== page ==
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Conducting A Gap Analysis: A Four-Step Template
Use this four-step gap analysis template to identify the “gaps” in your performance that may be holding you back.
It’s an age-old business dilemma: You want to grow your business, but aren’t sure where or how to allocate resources to make it happen. Sound familiar? If so, you may need to conduct a gap analysis.
A gap analysis is an examination and assessment of your current performance for the purpose of identifying the differences between your current state of business and where you’d like to be. It can be boiled down into a few questions:
- Where are we now?
- Where do we wish we were?
- How are we going to close the gap?
Conducting a gap analysis can help you improve your business efficiency, your product, and your profitability by allowing you to pinpoint “gaps” present in your company. Once it’s complete, you’ll be able to better focus your resources and energy on those identified areas in order to improve them.
A gap analysis template visualizes the difference between reality and target for your organization, making it easy to show employees where there is still room to grow. In our discussion around the gap analysis template below, we’ll talk specifically about how a gap analysis can be used within a department; it can also be used for your entire business or for a single process. The four steps outlined in the template below will help ensure you know precisely what issues you’re facing and how to go about fixing them.
Gap Analysis Template: 4 Steps To Completion
- Identify the current state of your department.
This may sound overwhelming, but bear with me. Do you have a strategic plan or a Balanced Scorecard? First, identify the priority of that plan or scorecard. For example, let’s say your banking organization wants to increase growth by 30% a year and has been growing at 8% per year. That puts your “current state” at 8% growth. Or, perhaps you work for a manufacturing organization that is producing revenue of $180,000 per employee, and your goal is to grow that to $250,000 per employee. That would put your current state at $180,000 per employee.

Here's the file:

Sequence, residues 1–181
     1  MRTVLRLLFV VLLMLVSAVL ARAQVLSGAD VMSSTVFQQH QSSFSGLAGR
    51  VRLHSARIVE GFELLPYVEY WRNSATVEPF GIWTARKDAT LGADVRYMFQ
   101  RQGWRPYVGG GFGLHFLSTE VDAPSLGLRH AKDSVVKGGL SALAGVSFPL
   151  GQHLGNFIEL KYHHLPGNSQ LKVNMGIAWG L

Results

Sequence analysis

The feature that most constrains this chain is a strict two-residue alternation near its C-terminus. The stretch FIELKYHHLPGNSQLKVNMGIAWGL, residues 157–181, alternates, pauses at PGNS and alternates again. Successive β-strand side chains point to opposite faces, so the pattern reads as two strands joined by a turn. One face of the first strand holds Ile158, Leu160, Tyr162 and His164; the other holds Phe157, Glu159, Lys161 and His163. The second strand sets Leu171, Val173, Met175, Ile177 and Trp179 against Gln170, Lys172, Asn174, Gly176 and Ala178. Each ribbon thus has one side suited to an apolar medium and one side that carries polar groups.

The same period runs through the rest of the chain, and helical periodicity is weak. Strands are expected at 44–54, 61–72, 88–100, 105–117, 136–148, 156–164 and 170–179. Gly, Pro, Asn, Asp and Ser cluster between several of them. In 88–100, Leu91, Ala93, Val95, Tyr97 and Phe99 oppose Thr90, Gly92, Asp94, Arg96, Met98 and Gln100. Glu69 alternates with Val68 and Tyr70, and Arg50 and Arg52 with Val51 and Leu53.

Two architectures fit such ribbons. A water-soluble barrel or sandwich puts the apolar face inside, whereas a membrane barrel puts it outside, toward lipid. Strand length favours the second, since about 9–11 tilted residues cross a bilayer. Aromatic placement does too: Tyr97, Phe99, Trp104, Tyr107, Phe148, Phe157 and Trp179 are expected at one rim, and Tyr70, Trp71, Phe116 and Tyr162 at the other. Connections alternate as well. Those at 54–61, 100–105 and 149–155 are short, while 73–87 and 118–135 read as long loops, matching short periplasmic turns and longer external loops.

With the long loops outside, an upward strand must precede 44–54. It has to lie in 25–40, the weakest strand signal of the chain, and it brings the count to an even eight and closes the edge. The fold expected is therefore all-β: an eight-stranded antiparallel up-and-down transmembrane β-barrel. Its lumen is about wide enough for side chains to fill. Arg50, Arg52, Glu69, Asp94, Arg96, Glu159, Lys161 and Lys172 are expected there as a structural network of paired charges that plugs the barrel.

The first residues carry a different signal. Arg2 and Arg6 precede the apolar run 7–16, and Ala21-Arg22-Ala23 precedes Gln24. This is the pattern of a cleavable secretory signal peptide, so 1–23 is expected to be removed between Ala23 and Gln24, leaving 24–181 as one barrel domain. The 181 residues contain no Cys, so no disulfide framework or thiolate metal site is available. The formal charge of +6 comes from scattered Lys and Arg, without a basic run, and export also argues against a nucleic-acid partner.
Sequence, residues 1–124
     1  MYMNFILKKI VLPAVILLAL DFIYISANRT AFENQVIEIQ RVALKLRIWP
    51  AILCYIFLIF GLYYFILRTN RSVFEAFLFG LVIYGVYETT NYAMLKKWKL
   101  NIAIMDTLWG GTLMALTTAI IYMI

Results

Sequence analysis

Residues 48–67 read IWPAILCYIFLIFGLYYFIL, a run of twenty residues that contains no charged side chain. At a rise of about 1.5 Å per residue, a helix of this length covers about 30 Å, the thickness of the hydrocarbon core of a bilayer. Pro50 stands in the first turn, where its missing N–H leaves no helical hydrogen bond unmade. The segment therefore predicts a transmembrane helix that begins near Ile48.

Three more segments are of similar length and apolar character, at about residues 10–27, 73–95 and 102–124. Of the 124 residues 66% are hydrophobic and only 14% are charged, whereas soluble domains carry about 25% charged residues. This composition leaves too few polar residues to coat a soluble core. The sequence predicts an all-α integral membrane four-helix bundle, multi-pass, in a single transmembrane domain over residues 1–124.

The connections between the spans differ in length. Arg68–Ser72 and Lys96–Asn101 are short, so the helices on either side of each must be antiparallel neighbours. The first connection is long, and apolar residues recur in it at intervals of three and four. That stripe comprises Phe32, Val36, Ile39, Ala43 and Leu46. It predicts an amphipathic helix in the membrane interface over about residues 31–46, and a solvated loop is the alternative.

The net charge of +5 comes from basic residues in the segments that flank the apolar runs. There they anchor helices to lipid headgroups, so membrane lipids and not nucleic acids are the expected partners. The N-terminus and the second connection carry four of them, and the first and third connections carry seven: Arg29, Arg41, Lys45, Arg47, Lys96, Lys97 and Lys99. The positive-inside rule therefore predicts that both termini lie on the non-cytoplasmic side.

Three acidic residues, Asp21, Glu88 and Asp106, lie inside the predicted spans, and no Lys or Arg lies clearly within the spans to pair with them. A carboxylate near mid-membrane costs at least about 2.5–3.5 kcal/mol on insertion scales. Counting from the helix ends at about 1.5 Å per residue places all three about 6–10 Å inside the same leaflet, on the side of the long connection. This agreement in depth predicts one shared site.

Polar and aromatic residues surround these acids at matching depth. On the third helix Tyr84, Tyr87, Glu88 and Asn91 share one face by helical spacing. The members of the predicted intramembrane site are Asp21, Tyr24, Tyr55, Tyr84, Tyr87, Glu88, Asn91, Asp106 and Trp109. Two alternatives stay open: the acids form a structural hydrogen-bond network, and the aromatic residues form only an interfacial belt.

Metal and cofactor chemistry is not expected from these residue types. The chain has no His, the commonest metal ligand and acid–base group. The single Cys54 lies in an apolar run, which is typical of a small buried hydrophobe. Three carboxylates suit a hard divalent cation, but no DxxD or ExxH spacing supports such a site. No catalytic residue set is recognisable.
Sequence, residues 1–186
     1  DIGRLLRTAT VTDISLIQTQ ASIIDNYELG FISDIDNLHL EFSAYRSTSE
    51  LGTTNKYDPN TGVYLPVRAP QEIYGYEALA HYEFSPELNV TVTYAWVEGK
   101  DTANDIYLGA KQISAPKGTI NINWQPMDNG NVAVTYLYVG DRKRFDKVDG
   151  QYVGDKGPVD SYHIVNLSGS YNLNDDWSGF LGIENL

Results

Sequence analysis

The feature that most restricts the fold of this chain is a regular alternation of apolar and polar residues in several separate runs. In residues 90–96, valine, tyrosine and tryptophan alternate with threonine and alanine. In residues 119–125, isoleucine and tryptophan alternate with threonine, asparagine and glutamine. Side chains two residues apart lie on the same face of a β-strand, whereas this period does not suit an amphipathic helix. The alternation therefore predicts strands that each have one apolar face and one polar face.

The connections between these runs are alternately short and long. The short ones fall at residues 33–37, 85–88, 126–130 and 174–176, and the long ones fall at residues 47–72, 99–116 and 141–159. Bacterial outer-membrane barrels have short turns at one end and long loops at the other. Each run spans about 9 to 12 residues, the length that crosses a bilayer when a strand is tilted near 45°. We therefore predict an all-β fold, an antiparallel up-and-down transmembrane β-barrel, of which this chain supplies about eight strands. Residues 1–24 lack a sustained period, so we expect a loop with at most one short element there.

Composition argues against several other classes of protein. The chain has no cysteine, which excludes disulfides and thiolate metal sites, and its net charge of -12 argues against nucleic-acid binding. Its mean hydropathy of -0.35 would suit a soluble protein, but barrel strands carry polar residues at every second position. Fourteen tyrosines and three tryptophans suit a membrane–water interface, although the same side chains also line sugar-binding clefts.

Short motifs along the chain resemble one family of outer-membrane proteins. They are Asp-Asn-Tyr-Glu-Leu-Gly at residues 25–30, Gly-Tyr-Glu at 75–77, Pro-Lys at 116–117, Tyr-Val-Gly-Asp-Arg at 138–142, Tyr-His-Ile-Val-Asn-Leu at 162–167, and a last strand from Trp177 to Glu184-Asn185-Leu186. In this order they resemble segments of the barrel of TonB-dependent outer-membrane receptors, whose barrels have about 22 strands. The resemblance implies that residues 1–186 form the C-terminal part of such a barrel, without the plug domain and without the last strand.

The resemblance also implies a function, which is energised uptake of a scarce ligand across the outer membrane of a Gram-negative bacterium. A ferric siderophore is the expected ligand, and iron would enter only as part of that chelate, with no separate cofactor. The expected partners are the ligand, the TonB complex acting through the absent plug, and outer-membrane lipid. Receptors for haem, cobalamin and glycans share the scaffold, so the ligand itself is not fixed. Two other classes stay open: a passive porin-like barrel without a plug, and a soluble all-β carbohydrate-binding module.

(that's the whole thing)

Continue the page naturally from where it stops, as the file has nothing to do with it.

Keep in mind, your current state doesn’t have to be financial. If your nonprofit currently serves 10,000 meals a week to the homeless, that is your current state. Or, if you work for a municipal government, you might have 200 public safety incidents per 100,000 citizens per year—another example of current state.
You are likely now thinking, “We have a lot of current states!” And you’re probably right! You can actually run a gap analysis on each one. For the purposes of this article, try to stick with the current state that best represents your entire department.
- Identify where you want to be with your department.
This future goal is sometimes called a desired state, future target, or stretch goal. In order to accomplish this, you’ll want to think about how you are doing today in your current state (from step one) and where you really want to be within a reasonable timeframe. If you are doing a gap analysis within the context of your strategic plan, take a look at the targets on your plan. These targets may be three to five years out, which is ideal. Where are you with them? To answer that, go back to your current state areas of focus.
- Future state for your bank: 30%.
- Future state for your manufacturing organization: $250,000 in revenue per person.
- Future state for your nonprofit: 20,000 meals per week.
- Future state for your municipality: 100 safety incidents per 100,000 citizens per year.
You could even chart it out and see a clear representation of the current state and the future state.
- Identify the gaps in your department.
Now that you’ve recognized where your organization is currently and where you want it to be in the future, it’s time to bridge the gap.